Not all problems are hard to solve. In Detroit, one of the most formidable barriers to play is overgrown grass.
Enter Tom Nardone (pictured right), a do-gooder but no goodie-goodie. Founder and Gang Leader of the Detroit Mower Gang, Tom and his motley crew of “renegade landscapers” are taking action. Rather than wring their hands, they realized that they have the tools they need—namely, mowers, trimmers, lawn tractors, and muscles—to transform Detroit’s deteriorating parks.
After all, no one wants to visit a playground if they have to wade through grass to get to the swings. An abandoned playground becomes vulnerable to vandalism and crime, launching a vicious cycle that can change the entire character of a neighborhood.
Tom, a father of three, started the Mower Gang in 2010, shortly after Mayor Dave Bing proposed closing 77 city parks, leaving thousands of kids without a place to play. At the time, Tom was coaching one of his son’s soccer teams, but he wanted to give more back to the community. “I have to do something that fits me,” he thought.
He started out small. He bought a used lawn tractor for $250 and, he says, “I would go out to parks and I would mow under the swing sets. I mean, this [was] not rocket science… I would just go out there and spend an afternoon, I wouldn’t schedule it… I’d just have two hours free from work, throw the thing in the back of the truck, go, come back, and go back to work. It was good.”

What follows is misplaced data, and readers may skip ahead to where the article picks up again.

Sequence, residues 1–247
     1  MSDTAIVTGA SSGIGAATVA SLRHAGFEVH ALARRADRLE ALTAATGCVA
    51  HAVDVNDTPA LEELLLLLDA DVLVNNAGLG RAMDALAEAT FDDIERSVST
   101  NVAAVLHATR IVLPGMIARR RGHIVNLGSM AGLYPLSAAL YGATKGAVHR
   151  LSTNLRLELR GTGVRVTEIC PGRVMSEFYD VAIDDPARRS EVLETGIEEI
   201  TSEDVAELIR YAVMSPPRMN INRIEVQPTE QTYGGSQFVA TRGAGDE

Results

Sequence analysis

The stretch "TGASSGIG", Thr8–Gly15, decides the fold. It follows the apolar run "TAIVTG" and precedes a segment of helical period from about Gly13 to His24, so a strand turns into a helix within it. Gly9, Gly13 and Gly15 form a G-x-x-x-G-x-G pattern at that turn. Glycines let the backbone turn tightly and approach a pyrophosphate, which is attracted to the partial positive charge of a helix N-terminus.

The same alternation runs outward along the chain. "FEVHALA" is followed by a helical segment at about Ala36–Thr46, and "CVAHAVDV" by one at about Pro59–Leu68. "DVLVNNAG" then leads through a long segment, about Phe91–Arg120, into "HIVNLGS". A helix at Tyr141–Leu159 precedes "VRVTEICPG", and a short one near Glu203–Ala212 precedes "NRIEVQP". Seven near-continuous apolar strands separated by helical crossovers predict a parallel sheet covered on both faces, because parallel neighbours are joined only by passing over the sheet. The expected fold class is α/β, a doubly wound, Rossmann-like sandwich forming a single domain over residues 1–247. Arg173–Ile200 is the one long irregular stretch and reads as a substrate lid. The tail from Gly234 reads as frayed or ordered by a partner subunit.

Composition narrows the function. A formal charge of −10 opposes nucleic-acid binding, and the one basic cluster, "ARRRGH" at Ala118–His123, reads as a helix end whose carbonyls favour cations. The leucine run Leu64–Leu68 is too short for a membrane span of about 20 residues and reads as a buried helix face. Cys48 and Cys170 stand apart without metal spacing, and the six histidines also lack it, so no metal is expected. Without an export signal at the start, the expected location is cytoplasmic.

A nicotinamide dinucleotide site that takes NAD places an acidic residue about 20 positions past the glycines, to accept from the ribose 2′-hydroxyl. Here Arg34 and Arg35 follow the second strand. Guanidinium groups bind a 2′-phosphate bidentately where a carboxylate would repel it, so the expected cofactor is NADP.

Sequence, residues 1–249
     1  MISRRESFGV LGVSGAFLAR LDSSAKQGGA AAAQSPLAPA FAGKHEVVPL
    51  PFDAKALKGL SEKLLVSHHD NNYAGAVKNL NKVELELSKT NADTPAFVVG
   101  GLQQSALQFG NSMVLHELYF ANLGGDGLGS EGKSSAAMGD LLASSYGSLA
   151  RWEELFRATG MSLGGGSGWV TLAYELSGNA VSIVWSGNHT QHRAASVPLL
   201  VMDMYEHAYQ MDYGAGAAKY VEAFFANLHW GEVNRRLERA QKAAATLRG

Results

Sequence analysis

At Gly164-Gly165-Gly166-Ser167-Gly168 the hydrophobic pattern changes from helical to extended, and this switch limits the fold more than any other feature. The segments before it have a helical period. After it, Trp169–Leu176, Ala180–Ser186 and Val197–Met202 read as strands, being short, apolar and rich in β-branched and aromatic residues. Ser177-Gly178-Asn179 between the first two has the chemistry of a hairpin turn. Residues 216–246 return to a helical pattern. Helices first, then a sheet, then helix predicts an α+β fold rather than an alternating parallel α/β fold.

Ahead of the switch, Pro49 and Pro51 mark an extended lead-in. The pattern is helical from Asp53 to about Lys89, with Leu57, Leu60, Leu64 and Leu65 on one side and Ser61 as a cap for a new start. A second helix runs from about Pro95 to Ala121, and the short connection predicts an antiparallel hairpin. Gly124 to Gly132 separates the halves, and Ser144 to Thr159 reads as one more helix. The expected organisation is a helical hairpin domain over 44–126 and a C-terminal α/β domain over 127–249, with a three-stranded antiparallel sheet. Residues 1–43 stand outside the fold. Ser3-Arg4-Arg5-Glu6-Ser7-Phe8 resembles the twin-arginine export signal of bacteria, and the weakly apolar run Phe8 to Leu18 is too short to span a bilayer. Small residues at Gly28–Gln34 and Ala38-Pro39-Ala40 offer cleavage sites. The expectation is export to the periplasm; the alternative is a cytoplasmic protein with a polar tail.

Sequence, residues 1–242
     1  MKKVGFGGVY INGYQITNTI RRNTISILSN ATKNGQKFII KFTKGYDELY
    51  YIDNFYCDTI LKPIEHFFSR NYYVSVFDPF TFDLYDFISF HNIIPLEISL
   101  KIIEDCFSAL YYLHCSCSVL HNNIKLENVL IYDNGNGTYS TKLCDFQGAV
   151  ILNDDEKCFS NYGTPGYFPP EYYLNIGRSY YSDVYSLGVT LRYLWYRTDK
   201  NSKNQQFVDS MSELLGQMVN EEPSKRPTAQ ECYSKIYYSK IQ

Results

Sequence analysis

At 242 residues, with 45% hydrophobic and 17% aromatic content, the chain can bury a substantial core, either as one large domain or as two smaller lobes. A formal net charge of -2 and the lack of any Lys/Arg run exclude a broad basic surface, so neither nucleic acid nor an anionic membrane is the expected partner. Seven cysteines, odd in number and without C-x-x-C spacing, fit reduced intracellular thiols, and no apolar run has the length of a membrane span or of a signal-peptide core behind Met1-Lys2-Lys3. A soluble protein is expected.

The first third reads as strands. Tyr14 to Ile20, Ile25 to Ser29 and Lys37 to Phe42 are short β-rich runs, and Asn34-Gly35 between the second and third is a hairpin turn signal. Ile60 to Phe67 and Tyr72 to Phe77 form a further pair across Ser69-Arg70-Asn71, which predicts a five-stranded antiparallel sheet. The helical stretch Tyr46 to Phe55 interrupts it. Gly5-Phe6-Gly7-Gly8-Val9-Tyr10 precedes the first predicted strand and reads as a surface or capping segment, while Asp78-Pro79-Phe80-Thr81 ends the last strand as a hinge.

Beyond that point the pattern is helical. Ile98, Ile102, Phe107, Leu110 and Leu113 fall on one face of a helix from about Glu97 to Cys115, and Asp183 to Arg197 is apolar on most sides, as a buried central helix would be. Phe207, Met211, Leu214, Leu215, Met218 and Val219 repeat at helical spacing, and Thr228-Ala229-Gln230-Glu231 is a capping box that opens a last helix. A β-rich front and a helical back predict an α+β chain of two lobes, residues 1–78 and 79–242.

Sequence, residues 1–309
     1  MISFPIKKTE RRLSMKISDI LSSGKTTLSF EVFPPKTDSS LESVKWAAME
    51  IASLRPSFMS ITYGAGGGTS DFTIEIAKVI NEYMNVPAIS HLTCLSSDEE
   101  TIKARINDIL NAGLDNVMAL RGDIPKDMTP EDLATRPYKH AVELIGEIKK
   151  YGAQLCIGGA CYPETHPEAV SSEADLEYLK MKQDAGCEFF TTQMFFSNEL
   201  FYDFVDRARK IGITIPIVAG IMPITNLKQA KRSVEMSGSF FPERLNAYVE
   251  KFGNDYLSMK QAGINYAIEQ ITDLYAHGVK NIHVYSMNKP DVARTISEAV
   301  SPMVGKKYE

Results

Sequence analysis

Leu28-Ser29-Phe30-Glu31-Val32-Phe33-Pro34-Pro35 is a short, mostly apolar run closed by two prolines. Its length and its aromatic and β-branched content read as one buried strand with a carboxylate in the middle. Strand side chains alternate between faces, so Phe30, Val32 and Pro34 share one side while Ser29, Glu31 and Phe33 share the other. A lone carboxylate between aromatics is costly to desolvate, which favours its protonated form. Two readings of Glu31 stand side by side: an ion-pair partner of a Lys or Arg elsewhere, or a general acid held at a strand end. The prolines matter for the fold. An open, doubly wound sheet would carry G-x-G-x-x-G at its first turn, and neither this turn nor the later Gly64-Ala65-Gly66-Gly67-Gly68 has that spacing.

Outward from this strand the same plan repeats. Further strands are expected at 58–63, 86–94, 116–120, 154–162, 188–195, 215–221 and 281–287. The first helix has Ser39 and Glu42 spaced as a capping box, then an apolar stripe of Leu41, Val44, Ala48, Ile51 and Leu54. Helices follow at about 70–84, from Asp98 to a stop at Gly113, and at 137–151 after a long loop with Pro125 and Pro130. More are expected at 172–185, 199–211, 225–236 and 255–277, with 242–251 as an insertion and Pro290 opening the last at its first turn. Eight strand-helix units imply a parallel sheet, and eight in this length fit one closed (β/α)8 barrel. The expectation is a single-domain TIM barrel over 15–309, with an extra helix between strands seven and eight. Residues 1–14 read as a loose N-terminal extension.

When he found an overgrown velodrome (a bicycle racing track, pictured below at left) at Dorais Playground, he wanted to restore it, but he knew he needed help. He created a Facebook page and started inviting people to show up. “I thought to myself if one person, if one guy shows up to this thing, it would be great,” says Tom. Aside from his brother and coworker, “one guy showed up. Guess what his name was? His name was Guy! I wanted one guy, I got a Guy.”
From its humble beginnings, the Mower Gang has steadily grown—and its work doesn’t stop at mowing. The gang meets every other week at a different park, usually attracting about 20 volunteers. In 2011, they held a “road rally,” which included a scavenger hunt to collect information about 90 of Detroit’s parks and determine areas of need. Realizing that many playgrounds in Detroit had swing sets, but no swings, the Mower Gang began a project on Kickstarter to replace 40 of the city’s 200+ missing swings. They aimed to raise a modest $800 and ended up with $3,020. The Gang also received a Let’s Play Maintenance grant from KaBOOM! to help purchase new playground surfacing.
This past Memorial Day weekend, 70 weed-whacking, grass-hacking volunteers gathered to tackle 12 parks in 24 hours as part of the first annual Mowtown Mowdown. “People love a good deed and nobody spends the night in a Detroit park. We were just crazy enough to do both,” Tom says.
Even though Tom has attracted major media attention for his work, including two appearances on the Conan show, he remains humble about his work. He might just be a guy with a lawn mower, he says, but “something is greater than nothing.”
And that something can mean quite a lot for a child. "The park is one of the bright moments in childhood," Mower Gang member Andy Didorosi says. "You learn there, you play there, that’s your jam. And if your park is dangerous, overgrown or unusable, well ..."
Tom says, “What I get out of it is every time we do the swing sets, every time we do the play places, there’s always kids that come out. It never fails that you see the result right away.”
Photos via the Detroit Mower Gang's Facebook page.